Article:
Note: See this trail along with many others and their GPS maps in Sheri McGregor’s book:
Day & Overnight Hikes in Anza-Borrego Desert State Park (Day & Overnight Hikes – Menasha Ridge)
Length: Approximately 11 miles roundtrip
Configuration: Out and back
Scenery: Spring wildflowers, desert vegetation, breathtaking views of the desert valley, wildlife
Traffic: Light to moderate
Trail surface: Sandy, rocky soil
Hiking time: 6.5 hours
Maps: At the Visitor Center, approximately 1 mile north of the trailhead; also on trailhead kiosk
Facilities: Public restrooms at trailhead
Special comments: Desert temperatures can be extreme-suggest fall, winter and early spring hikes. Dress in layers and bring lots of water. Not recommended for children.
Springtime wildflowers, interesting year-round cacti and boulder formations, plentiful wildlife, and an isolated atmosphere nurturing to pleasant thoughts make this strenuous hike a
paradise for those in good physical condition.
Take Interstate 15 North to the Pala/76 exit and drive east for 33.6 miles to Highway 79. Turn left, traveling 4.1 miles to S2, where you’ll turn right and drive another 4.6 miles to Montezuma Valley Road (commonly called the "Montezuma Highway"). Turn left. Drive approximately 14 miles to the trailhead on the left, which sits about a mile above the Visitor Center.
From the trailhead staging area, move generally southwest toward the mountains, starting on a flat wash of sandy soil through desert chaparral spotted with cholla cactus. Also
present, <b>Ocotillo</b> reaches heavenward with its spiny arms bedecked with lipstick red blooms. Less than a mile in, you’ ll come to a split in the trail. Head left (the right-hand route will take you to Maidenhair Falls), and the trail narrows, beginning its zigzagging ascent.
Steady climbing becomes a constant, up through boulder outcroppings baked brown by the desert sun and heat. In the early mornings, and later on cold winter days, the fog-filled valleys open in the distance, giving an otherworldly feel to the hike.
As the trail’s elevation rises, the ocotillo plants thin, leaving <b>Hedgehog</b> and cholla cacti as surrounding mainstays. Some cactus varieties are short and stout. Others are taller and lined in protective spines the size of toothpicks (be careful). With your mind free of citified clutter and stress, let your imagination go, finding animals and <b>other shapes</b> within the cactus and rock formations – – -nature likes to have fun, and so should you!
Around 3 miles up, you’ll descend a little on rocky trail, continue uphill for awhile, and reach a flat wash area – – – welcome after climbing. Watch for big horn sheep on the mountainsides. Well-camouflaged, they aren’t easily spotted. You’re more likely to see their tracks near the trail, which prove the elusive creatures share this desolate space. You might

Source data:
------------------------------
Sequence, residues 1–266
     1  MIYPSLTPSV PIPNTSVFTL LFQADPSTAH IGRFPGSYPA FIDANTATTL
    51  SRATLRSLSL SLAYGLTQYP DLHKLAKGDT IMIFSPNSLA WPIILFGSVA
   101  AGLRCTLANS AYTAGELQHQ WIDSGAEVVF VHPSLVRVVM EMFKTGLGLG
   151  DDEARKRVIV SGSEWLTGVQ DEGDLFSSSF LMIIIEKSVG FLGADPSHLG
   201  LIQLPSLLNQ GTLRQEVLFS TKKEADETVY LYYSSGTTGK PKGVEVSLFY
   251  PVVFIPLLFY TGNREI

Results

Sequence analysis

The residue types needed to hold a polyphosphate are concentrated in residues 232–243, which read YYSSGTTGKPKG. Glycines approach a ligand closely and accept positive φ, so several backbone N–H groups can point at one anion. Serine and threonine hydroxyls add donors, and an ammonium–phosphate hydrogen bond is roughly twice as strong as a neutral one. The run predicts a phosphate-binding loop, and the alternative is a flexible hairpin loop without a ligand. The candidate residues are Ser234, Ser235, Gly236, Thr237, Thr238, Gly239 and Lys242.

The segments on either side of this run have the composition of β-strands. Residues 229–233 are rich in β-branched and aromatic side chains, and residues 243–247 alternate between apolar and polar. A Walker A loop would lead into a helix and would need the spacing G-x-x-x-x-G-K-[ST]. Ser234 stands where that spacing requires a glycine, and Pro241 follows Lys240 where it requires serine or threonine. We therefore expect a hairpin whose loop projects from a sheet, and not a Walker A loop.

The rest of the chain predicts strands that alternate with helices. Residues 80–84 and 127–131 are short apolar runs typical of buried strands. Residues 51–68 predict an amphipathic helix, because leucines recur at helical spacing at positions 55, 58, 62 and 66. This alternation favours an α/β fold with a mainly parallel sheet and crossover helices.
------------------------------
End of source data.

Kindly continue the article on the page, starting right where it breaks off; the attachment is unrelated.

also see bobcat tracks (or perhaps get a glimpse of one of the cats, more likely in early morning or evening hours). Low-flying quail skitter by in large groups startled by your presence. On a recent hike, a kangaroo rat hopped off, its furry hind feet and bushy tail a flashing glimpse among the rockscape.
Past the wash, continue climbing. Wide steps of flat ground and trail offer restful meanderings between gains in elevation as you hike along. Towering boulder groupings on either side of the route all begin to look alike as you head continually upward. Don’t search for trail markers, which become virtually non-existent past about two miles. The trail, however, isn’t
difficult to follow from the valley up; although people starting near Pena Springs to head downward often report difficulty in locating the descending route. Roadrunners hop among the rocks, their long tail feathers flicking up and down, balance ballasts for their quick movement up the rocks.
The short viewpoint trail to the Culp Valley Overlook comes as a surprise when you finally reach it. Marked by a sign on the left and with a yellow-topped California Riding & Hiking Trail pole on the right, you can’t miss it. There is no denying that the view is spectacular, but having enjoyed the approximate six-mile journey through desolate landscape that allows one to escape civilization, the overlook can be anti-climactic. The Pena Springs pullout, which leads just half a mile from Montezuma Highway up to the overlook, is often busy, urging hikers who’ve spent the last three or four hours with quiet, nature-nurtured thoughts to head back down the mountain and its solitude. Be sure to enjoy views of the valley as you descend.
The hike up might have logically seemed the more difficult trek – – – but your body may tell you otherwise at the end of the day. Descending on the sometimes steep narrow trail lined with cacti means putting on the brakes, and in gusty desert winds, requires attention to every step. Your lower legs, tendons, and toes may backtalk later. The concentration needed to navigate the downward trail also tires the mind. Once at home, a hot soak and a fluffy pillow pave the way to a good night’s sleep – – – dreaming of your next visit to the Anza Borrego Desert State Park.